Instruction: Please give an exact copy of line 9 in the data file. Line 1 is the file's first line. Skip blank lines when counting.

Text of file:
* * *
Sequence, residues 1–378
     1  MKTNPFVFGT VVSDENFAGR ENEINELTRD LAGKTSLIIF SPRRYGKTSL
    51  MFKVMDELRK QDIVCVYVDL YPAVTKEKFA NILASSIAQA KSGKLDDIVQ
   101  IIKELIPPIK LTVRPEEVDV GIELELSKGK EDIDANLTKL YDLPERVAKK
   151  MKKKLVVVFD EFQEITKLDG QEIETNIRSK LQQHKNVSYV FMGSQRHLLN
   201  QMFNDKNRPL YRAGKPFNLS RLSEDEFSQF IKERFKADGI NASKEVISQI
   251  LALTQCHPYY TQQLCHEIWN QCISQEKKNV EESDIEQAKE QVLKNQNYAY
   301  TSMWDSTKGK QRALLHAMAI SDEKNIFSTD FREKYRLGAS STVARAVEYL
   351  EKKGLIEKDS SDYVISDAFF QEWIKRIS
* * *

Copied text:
   351  EKKGLIEKDS SDYVISDAFF QEWIKRIS